Fetching and serving billions of URLs with Aragog
Every week, we process billions of URLs to create a rich, relevant and safe experience for Pinners. The web pages, linked through Pins, contain rich signals that enable us to display useful information on Pins (like recipe ingredients, a product’s price and location data), infer better recommendations and fight spam. To take full advantage of these signals, not only do we need to fetch, store and process the page content, but we also need to serve the processed content at low latencies.
The answer to our needs was building Aragog, a suite of systems that fetch, store, process and serve content from our growing repository of URLs, at low latencies to Pinners.
There are several important considerations that must be realized when building infrastructure that deals with billions of URLs:
- Normalization/canonicalization: The same URL can be represented in many different forms, and several URLs may eventually redirect to the same URL. URL normalization (deduplication of different URL representations) and canonicalization (deduplication of URLs pointing to the same page) play a significant role in reducing the amount of data storage required for serving.
- Crawl politeness: At this scale, it’s important to rate limit and smooth out the traffic going out to each particular domain. Furthermore, robots.txt rules need to be respected appropriately.
- Modeling URL data: One may want to store pieces of extracted metadata associated with a URL or store and update the inlinks and outlinks associated with a URL.
Aragog is composed of two services: the Aragog Fetcher, which fetches the web pages, respecting appropriate rate limits and canonicalizing URLs appropriately, and the Aragog UrlStore, which stores and serves all of the processed metadata and signals about the URLs. The figure below depicts some of many interactions between our crawl pipelines/frontend and Aragog.
The Aragog Fetcher is a Thrift service responsible for fetching the URLs politely. Aragog Fetcher issues the HTTP requests, follows redirects and retrieves the page content and the HTTP headers. The fetcher returns a Thrift struct enclosing the page content, HTTP headers, fetch latency, the redirect chain and other data.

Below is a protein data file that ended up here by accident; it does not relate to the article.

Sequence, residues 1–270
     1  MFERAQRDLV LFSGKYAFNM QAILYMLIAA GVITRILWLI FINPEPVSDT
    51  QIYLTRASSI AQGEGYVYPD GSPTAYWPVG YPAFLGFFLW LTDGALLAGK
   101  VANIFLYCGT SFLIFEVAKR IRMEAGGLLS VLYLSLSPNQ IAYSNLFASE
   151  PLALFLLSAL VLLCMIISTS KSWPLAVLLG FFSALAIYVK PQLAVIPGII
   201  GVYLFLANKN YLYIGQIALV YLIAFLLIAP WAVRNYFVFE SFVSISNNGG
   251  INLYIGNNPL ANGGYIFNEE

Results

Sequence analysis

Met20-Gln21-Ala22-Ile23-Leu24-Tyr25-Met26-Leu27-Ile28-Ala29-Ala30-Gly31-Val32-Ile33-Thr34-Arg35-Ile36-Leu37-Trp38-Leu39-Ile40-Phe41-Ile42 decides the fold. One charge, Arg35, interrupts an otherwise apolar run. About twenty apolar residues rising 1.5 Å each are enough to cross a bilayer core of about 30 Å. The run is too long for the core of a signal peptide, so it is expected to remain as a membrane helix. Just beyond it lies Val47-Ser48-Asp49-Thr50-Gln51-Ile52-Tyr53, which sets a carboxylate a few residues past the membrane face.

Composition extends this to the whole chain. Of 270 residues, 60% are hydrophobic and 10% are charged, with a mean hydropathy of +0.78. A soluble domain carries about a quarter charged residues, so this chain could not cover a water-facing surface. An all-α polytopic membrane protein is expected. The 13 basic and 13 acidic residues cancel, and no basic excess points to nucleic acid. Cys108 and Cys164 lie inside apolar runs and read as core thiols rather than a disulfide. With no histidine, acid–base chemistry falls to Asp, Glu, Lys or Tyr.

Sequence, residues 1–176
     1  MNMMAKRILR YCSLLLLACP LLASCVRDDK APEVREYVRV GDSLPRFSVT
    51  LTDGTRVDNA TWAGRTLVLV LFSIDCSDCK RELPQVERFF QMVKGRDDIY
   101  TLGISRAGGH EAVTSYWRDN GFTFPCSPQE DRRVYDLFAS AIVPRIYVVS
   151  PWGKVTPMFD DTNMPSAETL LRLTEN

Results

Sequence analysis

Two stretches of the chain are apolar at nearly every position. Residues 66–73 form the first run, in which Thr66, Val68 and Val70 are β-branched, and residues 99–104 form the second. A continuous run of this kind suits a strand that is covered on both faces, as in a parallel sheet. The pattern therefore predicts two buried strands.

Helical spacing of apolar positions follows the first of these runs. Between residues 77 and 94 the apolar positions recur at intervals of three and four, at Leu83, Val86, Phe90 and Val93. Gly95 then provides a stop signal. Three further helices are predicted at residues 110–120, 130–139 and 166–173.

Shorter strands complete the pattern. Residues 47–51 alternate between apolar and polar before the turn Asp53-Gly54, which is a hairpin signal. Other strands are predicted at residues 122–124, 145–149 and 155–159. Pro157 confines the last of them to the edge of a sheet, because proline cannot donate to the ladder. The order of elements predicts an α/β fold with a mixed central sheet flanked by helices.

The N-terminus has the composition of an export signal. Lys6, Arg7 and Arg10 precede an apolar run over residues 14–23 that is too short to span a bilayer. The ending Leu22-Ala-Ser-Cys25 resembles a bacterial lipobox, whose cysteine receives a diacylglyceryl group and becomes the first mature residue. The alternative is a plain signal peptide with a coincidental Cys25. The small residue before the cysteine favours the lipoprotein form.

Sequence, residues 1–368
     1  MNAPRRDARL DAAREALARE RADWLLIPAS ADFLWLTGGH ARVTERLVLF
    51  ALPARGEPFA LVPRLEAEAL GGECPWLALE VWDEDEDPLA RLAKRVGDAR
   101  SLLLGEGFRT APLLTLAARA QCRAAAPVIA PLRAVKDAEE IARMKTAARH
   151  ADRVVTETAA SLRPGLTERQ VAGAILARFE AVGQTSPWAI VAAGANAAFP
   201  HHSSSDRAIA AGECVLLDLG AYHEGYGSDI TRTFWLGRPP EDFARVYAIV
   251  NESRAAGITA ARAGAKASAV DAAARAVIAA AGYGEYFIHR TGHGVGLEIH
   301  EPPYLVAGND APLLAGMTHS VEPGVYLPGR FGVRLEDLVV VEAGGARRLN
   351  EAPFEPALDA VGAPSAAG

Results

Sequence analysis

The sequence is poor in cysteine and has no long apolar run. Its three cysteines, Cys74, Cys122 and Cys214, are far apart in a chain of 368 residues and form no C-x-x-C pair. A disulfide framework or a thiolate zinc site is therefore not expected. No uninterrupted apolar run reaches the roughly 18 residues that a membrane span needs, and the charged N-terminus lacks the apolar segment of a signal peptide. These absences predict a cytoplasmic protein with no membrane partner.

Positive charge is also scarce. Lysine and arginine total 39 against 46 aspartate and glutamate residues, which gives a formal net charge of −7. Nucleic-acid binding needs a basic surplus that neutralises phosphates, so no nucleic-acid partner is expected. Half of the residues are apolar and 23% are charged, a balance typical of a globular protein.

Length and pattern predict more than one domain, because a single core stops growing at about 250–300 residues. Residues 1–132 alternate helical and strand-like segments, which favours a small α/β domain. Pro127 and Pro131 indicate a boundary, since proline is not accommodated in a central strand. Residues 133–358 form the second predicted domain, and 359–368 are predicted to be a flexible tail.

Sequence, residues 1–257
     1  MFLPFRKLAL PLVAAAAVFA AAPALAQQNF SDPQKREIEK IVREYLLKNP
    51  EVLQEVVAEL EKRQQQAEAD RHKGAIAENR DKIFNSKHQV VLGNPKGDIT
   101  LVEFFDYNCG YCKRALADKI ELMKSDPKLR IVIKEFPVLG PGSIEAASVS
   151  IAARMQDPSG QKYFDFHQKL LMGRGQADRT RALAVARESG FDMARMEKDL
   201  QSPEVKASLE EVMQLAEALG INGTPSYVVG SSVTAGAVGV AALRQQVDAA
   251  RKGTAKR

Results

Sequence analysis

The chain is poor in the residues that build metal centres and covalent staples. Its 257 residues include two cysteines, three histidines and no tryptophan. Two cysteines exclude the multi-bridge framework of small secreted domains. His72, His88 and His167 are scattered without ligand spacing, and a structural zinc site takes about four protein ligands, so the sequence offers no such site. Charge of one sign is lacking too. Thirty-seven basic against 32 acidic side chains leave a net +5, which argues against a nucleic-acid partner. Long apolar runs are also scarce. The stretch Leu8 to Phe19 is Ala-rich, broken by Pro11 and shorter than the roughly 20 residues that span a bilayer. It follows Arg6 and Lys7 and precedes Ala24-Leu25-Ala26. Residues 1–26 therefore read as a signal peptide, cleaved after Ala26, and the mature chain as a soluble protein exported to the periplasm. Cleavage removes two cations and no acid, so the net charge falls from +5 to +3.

Implementing crawl politeness requires two things:
- Respecting the rules in robots.txt
- Smoothing and rate limiting traffic to a particular domain
The Aragog Fetcher retrieves the robots.txt file on a particular domain, caching its contents for seven days. When a request is made to fetch a URL, it applies the fetch/don’t-fetch rules from robots.txt. If the robots.txt allows fetching, it calls out to the rate limiter with the URL’s domain.
The rate limiter may allow the request immediately, insist the fetcher to delay the request for a period of milliseconds to smooth out the URL fetching or force it to fail because the rate has been exceeded. To ensure Aragog Fetcher doesn’t overburden a domain with too many requests, the rate limiters allow up to 10 QPS to a single domain. We override this limit for some popular or more frequently crawled domains as necessary. The overrides are propagated as a configuration file to the pool of rate limiters using our config management system.
The rate limiter is served by a pool of machines sharded using consistent hashing by the URL domain. As a result, a single machine is responsible for making rate limiting decisions on a single domain. It also minimizes the amount of rate limiting state moving around when a rate limiter process/machine is added or decommissioned. Each rate limiter machine stores a mapping from the domain to the timestamp when a fetch was last scheduled. The rate limiter retrieves this timestamp (let’s call it lastScheduledFetchTimeMs) and schedules the next fetch accordingly. For example if the allow QPS is 10, the rate limiter will schedule a fetch for this URL at lastScheduledFetchTimeMs + 100 (since we want to space out the requests at 100ms). The rate limiter uses a CAS update to optimistically update the last scheduled fetch time for the URL and retries if the CAS operation fails. It calculates the delay by subtracting the current time from lastScheduledFetchTimeMs. When there’s a large burst of requests, the delay will be large (more than one second). When this happens, the rate limiter throws an exception back to the fetcher. Storing an 8 byte timestamp makes for very little overhead per domain.
Whenever a URL is rate limited, the client simply reschedules the fetch to a later time, a feature intrinsically supported by our asynchronous task execution system called PinLater.